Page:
Consider a block of text with a variety of sentence types within it, of which there are 7. Within a text these sentences will be more or less likely to appear, dependent on where in the text they sit, and which sentence types have preceded them.

I'm looking into using Bayesian inference as an approach to working out the likelihoods of different sentence types appearing at certain points in the text, given where in the text they are and which sentence types have come before them.

My problem

The variable in question is the sentence type, and within Bayesian inference it is necessary to assume a prior distribution of the variable in order to precede, which is what I'm struggling with. Some sentence types will almost all be at the start or the end; others will be very unlikely to appear unless another type has come before it; and they have varying counts of how often they appear across a corpus of different texts, pictured below:

Counts of sentence types across all text documents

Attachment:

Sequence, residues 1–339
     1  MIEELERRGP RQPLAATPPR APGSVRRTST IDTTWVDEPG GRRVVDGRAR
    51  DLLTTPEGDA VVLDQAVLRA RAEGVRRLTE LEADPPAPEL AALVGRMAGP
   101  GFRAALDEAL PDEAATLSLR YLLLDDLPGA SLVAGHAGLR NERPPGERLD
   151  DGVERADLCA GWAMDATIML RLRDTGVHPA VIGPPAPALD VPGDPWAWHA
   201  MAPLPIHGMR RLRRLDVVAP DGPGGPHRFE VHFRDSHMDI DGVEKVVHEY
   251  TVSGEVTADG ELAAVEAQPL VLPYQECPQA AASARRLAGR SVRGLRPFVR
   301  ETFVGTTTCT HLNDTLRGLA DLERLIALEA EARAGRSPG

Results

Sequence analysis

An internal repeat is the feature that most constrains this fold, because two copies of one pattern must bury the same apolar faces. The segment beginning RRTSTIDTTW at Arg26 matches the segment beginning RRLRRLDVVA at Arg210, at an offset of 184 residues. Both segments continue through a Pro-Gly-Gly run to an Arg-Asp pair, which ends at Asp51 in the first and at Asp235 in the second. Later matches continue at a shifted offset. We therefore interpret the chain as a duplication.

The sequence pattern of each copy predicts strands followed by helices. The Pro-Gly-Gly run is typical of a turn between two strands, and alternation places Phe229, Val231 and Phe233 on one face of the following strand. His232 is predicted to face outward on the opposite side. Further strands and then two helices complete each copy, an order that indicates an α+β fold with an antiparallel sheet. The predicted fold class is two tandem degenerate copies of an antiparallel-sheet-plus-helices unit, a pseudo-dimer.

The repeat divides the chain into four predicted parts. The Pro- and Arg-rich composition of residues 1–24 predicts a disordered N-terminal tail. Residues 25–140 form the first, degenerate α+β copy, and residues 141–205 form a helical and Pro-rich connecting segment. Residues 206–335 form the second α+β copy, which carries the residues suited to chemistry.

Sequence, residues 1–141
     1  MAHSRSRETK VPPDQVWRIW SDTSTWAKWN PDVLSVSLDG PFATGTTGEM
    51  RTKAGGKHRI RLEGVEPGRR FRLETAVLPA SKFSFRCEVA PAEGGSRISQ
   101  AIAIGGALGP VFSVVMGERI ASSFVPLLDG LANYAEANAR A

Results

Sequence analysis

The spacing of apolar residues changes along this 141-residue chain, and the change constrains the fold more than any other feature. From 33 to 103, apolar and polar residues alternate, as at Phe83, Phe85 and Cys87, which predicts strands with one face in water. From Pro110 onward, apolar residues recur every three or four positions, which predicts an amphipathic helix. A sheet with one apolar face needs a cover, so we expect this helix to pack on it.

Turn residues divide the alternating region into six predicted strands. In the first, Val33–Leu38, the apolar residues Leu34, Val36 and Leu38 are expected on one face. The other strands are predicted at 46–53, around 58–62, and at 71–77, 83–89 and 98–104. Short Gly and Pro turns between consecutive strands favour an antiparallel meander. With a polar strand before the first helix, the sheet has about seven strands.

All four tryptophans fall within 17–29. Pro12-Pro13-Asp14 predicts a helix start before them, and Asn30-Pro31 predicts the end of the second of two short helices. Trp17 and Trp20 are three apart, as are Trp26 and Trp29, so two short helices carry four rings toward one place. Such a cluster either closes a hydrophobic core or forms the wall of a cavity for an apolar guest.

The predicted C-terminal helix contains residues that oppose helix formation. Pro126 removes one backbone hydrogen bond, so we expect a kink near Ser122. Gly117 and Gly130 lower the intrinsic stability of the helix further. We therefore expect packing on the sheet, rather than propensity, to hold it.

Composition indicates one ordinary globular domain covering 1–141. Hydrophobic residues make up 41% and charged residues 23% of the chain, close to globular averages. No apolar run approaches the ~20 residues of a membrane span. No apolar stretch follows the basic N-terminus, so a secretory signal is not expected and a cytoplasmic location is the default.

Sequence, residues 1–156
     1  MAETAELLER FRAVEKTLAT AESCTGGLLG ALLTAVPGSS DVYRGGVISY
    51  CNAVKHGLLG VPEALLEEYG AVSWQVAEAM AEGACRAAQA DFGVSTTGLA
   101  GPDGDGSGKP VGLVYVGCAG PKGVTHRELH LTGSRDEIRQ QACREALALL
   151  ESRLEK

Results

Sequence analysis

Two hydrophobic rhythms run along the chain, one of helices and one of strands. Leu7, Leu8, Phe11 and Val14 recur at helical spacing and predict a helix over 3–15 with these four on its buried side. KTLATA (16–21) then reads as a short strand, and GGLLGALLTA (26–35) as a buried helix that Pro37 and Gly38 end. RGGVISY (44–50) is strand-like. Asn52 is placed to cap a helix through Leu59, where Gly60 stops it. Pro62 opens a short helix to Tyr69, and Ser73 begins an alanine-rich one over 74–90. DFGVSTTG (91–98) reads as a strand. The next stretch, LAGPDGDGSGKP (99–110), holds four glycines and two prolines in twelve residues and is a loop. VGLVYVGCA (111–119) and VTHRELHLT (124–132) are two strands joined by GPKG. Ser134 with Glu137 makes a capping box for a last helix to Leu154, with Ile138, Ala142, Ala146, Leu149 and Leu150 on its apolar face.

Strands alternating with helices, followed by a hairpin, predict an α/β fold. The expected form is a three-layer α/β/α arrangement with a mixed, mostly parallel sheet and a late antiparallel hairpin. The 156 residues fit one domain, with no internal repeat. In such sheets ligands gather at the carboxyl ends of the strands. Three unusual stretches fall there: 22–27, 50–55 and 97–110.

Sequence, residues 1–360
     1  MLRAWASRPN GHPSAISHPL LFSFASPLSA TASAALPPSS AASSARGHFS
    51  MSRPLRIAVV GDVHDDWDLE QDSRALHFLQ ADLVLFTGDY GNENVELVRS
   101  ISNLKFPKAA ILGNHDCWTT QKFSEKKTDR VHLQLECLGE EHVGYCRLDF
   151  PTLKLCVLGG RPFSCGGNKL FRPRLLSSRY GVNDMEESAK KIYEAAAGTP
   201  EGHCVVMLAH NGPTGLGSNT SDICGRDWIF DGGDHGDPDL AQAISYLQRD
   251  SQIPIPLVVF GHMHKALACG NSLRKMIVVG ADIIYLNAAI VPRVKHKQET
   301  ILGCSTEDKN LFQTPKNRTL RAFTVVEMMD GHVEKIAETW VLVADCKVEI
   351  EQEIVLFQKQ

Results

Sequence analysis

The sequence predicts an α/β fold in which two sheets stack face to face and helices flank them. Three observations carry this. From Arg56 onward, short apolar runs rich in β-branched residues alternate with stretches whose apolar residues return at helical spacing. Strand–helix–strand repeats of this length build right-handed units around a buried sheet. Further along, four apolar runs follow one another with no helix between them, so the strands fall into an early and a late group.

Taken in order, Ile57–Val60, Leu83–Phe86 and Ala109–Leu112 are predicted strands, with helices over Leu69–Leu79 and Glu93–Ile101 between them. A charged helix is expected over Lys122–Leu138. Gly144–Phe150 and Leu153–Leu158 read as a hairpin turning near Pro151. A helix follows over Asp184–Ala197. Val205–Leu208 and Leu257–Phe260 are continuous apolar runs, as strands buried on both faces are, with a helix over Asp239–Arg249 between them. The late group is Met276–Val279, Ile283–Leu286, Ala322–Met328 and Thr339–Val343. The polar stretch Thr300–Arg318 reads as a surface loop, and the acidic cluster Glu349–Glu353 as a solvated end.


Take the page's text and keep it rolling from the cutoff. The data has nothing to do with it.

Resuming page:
Broader question

  1. Any ideas on the problem above?

  2. What are some more general thought processes to put to use in generating a sensible prior distribution?

If you would suggest a different approach to tackling this problem then please say.

Suggested solution

This variable has some properties:

  1. There are a few outcomes that are very likely, with the rest being a lot less likely but fairly uniformly distributed.

  2. Some outcomes are a lot more likely depending on what has come before them, so the sentence structure matters

I'm guessing there are some probability distributions that would suit property (1) quite well, but property (2) I'm more confused by.


1 Answer 1


In general the prior is simply calculated on the training data.

At first sight this looks like a simple sequence labeling problem. If so the model can be trained with HMM or CRF.


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